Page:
Where things fell very flat for me? Rampant sexism. I love superhero everything and I love superhero things that don’t treat women as objects (ohmygodsohardtofind). Unfortunately, even though the female heroes in this novel are super bad-@ss, they are also objects for the male characters to ogle. Ugh. When are we going to let this type of writing go!? She’s a superhero. She doesn’t have to be sexy as well. Her outfit doesn’t need to hug all the quote unquote right curves (those aren’t a thing anyway). I will say, Cerberus, at least, wears a big freaking metal suit, so…hard to objectify that. AND, Stealth has this whole sub-dialogue about being objectified IRL. Perhaps Clines is aware of the issue, and trying to address it. Somehow, it just didn’t work.

St. George, the superhero who cannot keep his eyes off of Stealth, is not only sexist in this regard. He’s a “nice guy”. No, really. He is. I think he does want to do right by the world.

I turned back to her and tapped my chest. “That’s what this suit’s always been about. Not scaring people like you or Gorgon do. Not some sort of pseudo-sexual roleplay or repressed emotions. I wear this thing, all these bright colors, because I want people to know someone’s trying to make their lives better. I want to give them hope.”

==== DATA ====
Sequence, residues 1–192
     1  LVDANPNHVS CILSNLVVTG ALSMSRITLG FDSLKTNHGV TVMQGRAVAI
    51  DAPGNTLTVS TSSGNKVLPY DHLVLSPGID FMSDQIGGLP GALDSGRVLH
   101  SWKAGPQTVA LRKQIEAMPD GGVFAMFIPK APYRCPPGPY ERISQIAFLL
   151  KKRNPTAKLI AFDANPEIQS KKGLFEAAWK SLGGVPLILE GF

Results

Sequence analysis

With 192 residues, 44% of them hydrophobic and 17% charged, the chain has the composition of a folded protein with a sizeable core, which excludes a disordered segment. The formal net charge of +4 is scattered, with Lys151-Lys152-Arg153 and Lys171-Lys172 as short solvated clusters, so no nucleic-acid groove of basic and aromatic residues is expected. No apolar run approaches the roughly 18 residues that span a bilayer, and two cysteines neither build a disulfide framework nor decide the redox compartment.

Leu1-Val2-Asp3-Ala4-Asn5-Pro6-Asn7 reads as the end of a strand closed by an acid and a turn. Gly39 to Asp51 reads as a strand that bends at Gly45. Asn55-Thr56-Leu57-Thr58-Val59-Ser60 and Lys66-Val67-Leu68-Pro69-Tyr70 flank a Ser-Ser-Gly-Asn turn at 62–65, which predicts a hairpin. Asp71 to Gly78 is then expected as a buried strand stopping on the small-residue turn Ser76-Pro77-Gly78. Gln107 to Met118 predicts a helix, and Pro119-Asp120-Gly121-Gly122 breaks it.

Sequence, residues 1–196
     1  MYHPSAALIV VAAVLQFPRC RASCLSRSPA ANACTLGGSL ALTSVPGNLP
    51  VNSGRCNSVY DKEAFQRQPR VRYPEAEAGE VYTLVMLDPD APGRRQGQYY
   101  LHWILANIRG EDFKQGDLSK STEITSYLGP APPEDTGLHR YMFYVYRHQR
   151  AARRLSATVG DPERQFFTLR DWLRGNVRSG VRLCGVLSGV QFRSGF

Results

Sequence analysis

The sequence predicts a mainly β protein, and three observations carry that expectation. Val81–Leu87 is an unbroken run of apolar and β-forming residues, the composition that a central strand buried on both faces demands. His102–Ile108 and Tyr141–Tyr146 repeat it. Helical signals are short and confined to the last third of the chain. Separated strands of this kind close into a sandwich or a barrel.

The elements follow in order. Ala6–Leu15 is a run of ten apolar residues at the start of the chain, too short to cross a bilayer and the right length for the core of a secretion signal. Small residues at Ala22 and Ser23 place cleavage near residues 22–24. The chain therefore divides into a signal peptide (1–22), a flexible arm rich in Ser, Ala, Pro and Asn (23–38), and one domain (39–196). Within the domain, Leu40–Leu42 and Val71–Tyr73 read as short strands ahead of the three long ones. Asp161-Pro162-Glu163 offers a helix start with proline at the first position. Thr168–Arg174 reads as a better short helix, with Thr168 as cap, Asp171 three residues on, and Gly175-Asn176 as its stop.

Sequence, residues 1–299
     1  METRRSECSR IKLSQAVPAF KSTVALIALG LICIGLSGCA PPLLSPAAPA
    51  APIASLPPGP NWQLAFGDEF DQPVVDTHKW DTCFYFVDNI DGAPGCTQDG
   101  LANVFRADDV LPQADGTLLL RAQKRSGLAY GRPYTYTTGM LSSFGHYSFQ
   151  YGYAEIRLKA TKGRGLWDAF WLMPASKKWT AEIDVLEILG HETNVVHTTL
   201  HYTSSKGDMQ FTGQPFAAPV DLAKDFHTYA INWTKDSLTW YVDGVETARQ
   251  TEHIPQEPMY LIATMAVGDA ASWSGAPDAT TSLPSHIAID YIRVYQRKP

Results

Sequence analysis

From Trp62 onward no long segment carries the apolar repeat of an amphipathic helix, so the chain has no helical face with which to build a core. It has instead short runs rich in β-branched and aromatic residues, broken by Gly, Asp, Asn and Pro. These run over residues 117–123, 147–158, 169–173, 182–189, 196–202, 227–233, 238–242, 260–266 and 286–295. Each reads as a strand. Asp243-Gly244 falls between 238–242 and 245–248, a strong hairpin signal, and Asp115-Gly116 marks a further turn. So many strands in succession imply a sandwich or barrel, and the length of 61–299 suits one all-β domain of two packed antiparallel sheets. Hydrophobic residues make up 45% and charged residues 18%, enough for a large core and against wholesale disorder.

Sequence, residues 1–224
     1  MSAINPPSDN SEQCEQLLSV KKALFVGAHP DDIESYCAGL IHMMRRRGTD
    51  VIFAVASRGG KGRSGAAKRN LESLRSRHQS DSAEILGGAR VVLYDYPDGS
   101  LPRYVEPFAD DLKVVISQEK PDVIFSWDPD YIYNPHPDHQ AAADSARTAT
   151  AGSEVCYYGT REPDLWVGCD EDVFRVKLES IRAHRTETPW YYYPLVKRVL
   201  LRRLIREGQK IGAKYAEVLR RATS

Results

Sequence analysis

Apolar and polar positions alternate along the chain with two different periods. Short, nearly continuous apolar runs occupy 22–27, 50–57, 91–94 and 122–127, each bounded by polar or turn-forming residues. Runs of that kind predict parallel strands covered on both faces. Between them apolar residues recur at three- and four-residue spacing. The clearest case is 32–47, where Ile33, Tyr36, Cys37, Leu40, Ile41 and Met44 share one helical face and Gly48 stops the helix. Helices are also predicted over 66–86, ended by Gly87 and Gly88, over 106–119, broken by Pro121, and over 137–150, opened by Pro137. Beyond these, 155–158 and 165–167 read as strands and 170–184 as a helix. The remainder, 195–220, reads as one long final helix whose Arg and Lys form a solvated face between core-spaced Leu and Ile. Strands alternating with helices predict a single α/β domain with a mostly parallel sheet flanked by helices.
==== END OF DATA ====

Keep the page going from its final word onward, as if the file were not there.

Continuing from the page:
He has good intentions, but he also harbors lascivious thoughts (and yes, some admiration) for Stealth.  The subtext seems to be, “I know he thinks all these naughty, objectifying thoughts about Stealth, but honest, he’s a nice guy.” Blech. He never comes right out and says that he should be rewarded for his nice-guyness, but he just seems super douche-y like that. News flash, St. George, she doesn’t owe you jack. Respect the fact that she wants nothing to do with you, and move on. Not great things to think about the main character in the series. I’m hoping the sexist aspects of his character evolve or disappear in the next couple of books.

Anyhoo…

The plot is essentially us vs. them to the death. The group of heroes is protecting The Mount and trying to develop some sort of normal life amidst all of the zombies, which they call exes, as in, Ex-Humans. Ex-living things. Across town are the Seventeens. A gang from Before-the-Zombie-Apocalypse that has survived and thrived due to their enormous,  not-entirely-human leader. Tensions mount throughout the novel and then come to a head in an epic battle royale.

It’s a good book. Solidly written, though not as eloquent as The Fold. It checks the boxes…superheroes, zombies, fighting, survival, all in sunny Los Angeles. It just disappointed me. Obviously not enough to make me stop the series. I’m already neck-deep in Ex-Patriots (Ex-Heroes #2). *shrugs*

anne shrug